As the sales landscape evolves and buyers grow more independent, it can be tricky for sales teams to figure out how to build trust and connect with their prospects. Kevin Dorsey, the VP of Inside Sales at PatientPop, shares insight on what it takes to achieve your most important sales objectives while fostering genuine relationships with your buyers.
Create Trust and Stand Out in Sales
It’s the salesperson’s job to overcome a prospect’s skepticism and build the relationship. But how? To start, Dorsey references an old quote: “People don’t care how much you know, they want to know how much you care.” But that’s not all there is to it. “People forget…the only way you can share how much you care is by sharing what you know.”
No, he is not talking in circles. Instead, Dorsey emphasizes that the key to trust is demonstrating that you understand precisely what problem your product solves. You don’t need to rattle off dazzling product-positive facts –– you simply must underscore your grasp of the prospect’s need and tell them exactly how to address that need. Says Dorsey, “People feel trust when they think, ‘I feel heard. I feel understood. What is being offered to me is actually helping me get what I want.’ That’s how you build trust.”
Understand Your Buyer
How easy is it to get to know your prospects? Dorsey believes it’s easier than ever. Over the last few years, the conversation has centered on the evolution of the buyer’s journey and how much more well-informed prospects are today. But the flip side of this is rarely examined. As Dorsey explains, “People talk a lot about how the buyer has changed…they have access to so much more information now than they did before, which is true. So do salespeople. We just don’t leverage it.”
If you want to learn more about your buyer, the information is out there. You can spend time looking up their company, their role and determine what problems they are looking to solve.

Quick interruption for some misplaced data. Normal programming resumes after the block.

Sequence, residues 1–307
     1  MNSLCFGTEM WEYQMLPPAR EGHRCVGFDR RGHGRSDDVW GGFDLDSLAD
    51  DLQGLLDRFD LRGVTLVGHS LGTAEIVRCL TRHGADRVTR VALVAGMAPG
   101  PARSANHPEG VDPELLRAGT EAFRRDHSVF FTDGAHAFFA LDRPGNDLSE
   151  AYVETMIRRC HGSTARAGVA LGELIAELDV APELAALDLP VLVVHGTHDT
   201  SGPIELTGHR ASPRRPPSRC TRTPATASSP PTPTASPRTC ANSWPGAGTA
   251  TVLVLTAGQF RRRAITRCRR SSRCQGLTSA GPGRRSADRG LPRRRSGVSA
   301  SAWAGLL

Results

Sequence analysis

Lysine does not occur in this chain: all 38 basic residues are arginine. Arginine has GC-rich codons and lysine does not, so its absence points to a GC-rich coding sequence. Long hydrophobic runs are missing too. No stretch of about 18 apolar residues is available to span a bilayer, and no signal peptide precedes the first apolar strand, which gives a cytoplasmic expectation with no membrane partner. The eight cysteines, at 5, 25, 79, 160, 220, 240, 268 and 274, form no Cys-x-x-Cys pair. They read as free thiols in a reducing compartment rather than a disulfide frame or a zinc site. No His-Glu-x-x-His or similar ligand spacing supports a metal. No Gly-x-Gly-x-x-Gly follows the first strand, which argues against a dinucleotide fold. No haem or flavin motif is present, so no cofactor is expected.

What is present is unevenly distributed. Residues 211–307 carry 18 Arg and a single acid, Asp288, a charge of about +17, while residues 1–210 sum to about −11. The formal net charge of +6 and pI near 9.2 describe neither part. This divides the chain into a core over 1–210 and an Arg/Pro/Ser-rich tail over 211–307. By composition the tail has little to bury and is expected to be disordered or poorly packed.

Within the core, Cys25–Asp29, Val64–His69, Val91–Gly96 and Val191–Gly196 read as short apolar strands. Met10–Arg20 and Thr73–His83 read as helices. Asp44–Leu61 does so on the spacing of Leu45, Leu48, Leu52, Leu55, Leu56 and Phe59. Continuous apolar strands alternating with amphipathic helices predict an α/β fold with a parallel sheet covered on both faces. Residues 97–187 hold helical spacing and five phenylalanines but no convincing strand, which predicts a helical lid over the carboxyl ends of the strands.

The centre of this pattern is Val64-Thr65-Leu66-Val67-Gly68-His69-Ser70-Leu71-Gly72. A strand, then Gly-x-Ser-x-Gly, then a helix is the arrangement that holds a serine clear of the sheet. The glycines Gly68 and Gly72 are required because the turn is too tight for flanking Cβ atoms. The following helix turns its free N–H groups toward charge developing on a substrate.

You can also learn about your prospects by looking in the mirror. What factors convince you to make a purchase? Would you buy from you? If the answer is no, then you have some serious work to do on your approach.
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The Balance Between Information and Emotion
Emotion plays a significant role in the buying process. Yet many salespeople lead with logical product-heavy information during a sales pitch. This analytical, informative approach is valuable, but it shouldn’t always be driving the conversion. As Dorsey says, “Information on a brand or product rarely evokes emotion. Information about people does.”
The people-focus is why a founder’s social media following often exceeds their company page’s following. It’s also why your customer testimonials are such a powerful sales tool. People are interested in other people, not just brands.
Of course, you do still need to share information with your buyer, but it requires balance. Salespeople used to be the source of all information, but since this kind of knowledge has become more commoditized, the approach has changed. Now buyers are less interested in the “what” and need to learn the “why” and “how.” When you get to the heart of the reason behind your product and how it helps, that seals the trust and will more likely drive a sale.
- You must proactively build trust by showing that you understand your prospect.
- Pay attention to how people act and buy. If you would not buy from the way you’re selling, that tells you everything.
- Salespeople need to be better with the “how.” How does the product solve the problem?
- Take your career seriously, but remember to have fun too!